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Posted by in Arab World, Cross-cultural Management

Working in the Arab World: Who Needs Arabic Anyway?

Working in the Arab World: Who Needs Arabic Anyway?


Imagine this: Your boss has just told you that you’re about to spend the next six months working out of the firm’s Cairo office. You’ll be leaving for your new posting in a week and managing a team of Australian and Egyptian staff. You’ve never been to the Middle East before, let alone Cairo …. and you’re freaking out, just a little. Among the zillion questions zipping through your brain, one keeps recurring:

“I don’t speak Arabic, so how am I going to manage?”

Then you remember that your friend Harry – who worked in Dubai for a decade as a property developer – spoke nothing but English and always said:

“I get along just fine … who needs Arabic anyway?”

So, who’s right? Your neurotic self-conscious, or Harry? Before you decide, here are a few points to consider about the Arabic language, how Arabs feel about it, and what that means for foreigners working in the region.

First of all, here’s the bad news:

Arabic is difficult to learn, and this is probably the reason that most foreigners struggle to pick it up. Unlike English, the Arabic alphabet has 28 letters, which primarily represent consonants rather than vowels. Arabic letters also change shape, according to whether they occur at the beginning in the middle or at the end of a word, and sentences  run from right to left across the page. All of which makes it difficult to read!

In addition, Arabic also has a range of sounds that do not exist in English, including the ‘kh’, ‘gh’, ‘ayn’  and ‘ghayn’ sounds. Not surprisingly, English speakers usually find these very hard to pronounce.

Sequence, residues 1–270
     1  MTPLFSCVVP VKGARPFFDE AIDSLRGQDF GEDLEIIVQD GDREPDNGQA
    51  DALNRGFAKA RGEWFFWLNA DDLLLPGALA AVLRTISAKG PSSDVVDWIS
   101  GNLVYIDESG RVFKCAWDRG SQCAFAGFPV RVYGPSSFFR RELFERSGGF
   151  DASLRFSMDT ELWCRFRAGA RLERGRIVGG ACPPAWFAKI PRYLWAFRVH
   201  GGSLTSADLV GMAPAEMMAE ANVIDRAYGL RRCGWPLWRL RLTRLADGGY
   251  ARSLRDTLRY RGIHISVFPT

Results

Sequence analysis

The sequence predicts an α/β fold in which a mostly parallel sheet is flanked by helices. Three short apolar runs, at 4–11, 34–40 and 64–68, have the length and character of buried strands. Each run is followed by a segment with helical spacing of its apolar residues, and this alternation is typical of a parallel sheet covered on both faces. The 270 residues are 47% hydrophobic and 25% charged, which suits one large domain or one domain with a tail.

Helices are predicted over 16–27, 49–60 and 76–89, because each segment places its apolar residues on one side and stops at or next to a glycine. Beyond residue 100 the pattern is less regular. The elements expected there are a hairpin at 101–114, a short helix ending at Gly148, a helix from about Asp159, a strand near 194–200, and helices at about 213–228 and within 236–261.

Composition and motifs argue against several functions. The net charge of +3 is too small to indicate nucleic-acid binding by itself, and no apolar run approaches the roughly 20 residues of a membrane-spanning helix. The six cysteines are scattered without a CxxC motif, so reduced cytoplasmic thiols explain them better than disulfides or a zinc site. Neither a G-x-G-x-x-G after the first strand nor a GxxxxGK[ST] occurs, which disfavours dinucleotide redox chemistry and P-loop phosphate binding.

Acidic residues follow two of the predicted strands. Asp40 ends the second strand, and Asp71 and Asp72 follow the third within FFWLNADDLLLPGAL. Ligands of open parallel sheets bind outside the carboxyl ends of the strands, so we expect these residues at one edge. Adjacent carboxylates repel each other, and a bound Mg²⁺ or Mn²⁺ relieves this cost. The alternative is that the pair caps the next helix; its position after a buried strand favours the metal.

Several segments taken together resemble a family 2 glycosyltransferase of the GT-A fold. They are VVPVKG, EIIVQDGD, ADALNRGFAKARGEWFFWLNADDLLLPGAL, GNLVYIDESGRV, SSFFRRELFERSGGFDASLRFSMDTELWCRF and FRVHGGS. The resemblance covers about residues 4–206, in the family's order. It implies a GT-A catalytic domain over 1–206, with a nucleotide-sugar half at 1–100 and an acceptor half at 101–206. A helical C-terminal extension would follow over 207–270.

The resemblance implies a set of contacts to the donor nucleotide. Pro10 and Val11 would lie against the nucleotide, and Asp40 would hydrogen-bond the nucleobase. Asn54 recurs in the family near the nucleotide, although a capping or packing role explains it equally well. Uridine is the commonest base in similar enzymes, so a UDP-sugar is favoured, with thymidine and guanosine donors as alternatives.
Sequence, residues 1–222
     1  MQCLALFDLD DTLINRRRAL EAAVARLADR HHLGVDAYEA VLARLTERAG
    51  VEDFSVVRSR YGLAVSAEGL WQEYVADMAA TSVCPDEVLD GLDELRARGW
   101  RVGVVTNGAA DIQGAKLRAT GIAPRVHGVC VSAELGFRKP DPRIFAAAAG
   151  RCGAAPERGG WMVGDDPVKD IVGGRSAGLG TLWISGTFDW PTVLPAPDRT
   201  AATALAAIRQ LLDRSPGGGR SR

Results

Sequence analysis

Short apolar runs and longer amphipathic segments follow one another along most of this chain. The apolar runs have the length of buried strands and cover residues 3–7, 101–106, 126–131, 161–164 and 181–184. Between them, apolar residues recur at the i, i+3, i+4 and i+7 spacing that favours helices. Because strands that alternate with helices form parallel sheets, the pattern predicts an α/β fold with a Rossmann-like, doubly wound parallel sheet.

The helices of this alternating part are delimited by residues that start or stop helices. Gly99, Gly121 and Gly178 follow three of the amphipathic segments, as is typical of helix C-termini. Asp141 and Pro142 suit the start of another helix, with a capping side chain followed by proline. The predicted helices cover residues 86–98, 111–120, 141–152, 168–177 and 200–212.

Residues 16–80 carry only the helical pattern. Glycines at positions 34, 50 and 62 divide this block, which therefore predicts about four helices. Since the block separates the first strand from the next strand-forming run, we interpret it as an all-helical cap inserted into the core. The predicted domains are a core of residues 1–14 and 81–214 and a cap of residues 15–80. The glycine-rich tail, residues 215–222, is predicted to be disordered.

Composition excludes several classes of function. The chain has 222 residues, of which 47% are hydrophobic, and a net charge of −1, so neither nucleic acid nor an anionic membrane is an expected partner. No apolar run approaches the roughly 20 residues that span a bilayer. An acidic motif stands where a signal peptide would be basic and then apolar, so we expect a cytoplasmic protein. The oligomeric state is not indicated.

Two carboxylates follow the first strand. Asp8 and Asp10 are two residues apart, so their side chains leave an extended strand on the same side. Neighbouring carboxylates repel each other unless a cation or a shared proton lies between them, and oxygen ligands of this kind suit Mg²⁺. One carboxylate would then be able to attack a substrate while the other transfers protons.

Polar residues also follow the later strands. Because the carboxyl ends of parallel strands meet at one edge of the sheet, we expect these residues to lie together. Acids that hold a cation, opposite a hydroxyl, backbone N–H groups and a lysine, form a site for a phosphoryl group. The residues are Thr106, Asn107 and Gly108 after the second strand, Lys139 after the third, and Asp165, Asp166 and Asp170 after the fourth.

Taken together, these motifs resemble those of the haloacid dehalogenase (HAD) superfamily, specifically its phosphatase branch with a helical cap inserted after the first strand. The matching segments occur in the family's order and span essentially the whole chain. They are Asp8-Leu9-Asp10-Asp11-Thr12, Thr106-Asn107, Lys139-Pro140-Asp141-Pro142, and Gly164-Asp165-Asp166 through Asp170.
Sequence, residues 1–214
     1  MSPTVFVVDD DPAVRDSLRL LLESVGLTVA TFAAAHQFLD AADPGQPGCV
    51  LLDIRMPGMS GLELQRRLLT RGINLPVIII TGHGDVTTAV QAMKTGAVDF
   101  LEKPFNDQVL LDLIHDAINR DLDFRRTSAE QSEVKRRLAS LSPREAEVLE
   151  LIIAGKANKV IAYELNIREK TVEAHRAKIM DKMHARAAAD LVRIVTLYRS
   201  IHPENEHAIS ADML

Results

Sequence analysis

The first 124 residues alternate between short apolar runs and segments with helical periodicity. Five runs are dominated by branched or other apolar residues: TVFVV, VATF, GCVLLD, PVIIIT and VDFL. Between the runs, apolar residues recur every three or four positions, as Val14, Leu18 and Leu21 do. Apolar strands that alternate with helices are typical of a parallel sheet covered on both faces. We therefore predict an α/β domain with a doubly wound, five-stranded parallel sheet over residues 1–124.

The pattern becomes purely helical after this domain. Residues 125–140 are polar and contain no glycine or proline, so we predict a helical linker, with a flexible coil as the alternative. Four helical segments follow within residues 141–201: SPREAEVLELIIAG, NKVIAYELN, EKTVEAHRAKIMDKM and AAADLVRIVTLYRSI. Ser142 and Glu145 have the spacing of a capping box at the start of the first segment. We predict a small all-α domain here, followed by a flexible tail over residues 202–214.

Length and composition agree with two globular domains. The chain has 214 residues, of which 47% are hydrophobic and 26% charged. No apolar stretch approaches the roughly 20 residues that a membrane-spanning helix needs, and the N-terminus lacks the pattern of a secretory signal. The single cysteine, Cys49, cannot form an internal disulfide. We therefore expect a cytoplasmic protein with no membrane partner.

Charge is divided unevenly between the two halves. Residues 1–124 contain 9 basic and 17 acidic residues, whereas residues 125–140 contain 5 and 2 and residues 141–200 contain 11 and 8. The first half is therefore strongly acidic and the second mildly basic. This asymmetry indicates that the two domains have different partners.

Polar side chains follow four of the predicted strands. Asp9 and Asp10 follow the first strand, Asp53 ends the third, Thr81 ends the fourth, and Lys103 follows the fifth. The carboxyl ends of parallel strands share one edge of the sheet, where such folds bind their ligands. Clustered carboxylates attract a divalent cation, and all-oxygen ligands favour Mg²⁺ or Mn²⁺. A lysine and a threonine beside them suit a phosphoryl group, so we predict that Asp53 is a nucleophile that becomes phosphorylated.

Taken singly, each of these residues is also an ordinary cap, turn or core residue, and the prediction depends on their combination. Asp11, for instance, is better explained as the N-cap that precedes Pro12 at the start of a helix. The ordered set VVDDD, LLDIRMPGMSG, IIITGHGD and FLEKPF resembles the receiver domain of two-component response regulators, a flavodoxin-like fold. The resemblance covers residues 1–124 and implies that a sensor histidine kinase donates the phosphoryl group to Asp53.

If that was not enough, Arabic grammar bears almost no resemblance to English grammar and is mathematical in its codification. The result is a complex, highly logical, fairly frustrating, but very beautiful language.


Arabic comes in a huge variety of forms. The written version is Classical Arabic, the rich and poetic language of the Qur’an which is still used today as the written language of all Arabic-speaking people. Classical Arabic has evolved into Modern Standard Arabic to accommodate new words and phrases. This is the language that you will hear if you turn on Al Jazeera or one of the other Arab news channels, or see if you open an Arabic book or newspaper.

The spoken versions of Arabic are Formal Spoken Arabic and Colloquial Arabic, which includes more than thirty different regional dialects and sub-dialects. Colloquial Arabic was created at the time of the Arab conquests, when Arabic spread throughout the Middle East and North Africa, mixing with and assimilating local languages, and spawning the dozens of dialects that are spoken today. It is no exaggeration to say that Arabic speakers from different parts of the region cannot understand each other. Fortunately for you, Egyptian is widely understood throughout the region because of its prolific film, radio and television industry. So if you manage to learn a bit, you’ll still be able to use it in other countries in the region.


Pictured: Aerial view of Cairo